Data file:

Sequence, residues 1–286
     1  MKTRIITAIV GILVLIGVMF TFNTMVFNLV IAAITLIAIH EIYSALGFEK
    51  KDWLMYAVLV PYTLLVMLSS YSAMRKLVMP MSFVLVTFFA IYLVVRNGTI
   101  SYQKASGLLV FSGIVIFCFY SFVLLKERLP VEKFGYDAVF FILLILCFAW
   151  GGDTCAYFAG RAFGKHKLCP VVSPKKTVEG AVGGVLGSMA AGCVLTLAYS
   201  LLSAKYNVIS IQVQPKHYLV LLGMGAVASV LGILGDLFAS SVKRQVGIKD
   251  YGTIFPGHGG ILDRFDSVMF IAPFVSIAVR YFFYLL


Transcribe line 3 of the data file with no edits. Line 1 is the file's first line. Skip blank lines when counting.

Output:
    51  KDWLMYAVLV PYTLLVMLSS YSAMRKLVMP MSFVLVTFFA IYLVVRNGTI